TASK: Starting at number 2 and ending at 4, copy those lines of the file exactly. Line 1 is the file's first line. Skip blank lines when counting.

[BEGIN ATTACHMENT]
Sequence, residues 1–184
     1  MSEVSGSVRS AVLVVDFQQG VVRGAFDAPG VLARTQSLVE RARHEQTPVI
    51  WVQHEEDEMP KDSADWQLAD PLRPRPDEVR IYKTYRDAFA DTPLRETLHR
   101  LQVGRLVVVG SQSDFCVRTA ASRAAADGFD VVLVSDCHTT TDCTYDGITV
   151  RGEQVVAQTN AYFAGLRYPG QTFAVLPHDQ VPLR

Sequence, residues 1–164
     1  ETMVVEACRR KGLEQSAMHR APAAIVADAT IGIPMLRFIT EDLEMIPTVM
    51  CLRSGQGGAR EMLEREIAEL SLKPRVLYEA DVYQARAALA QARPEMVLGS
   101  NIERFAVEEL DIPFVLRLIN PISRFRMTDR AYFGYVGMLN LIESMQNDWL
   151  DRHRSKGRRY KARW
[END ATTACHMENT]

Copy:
     1  MSEVSGSVRS AVLVVDFQQG VVRGAFDAPG VLARTQSLVE RARHEQTPVI
    51  WVQHEEDEMP KDSADWQLAD PLRPRPDEVR IYKTYRDAFA DTPLRETLHR
   101  LQVGRLVVVG SQSDFCVRTA ASRAAADGFD VVLVSDCHTT TDCTYDGITV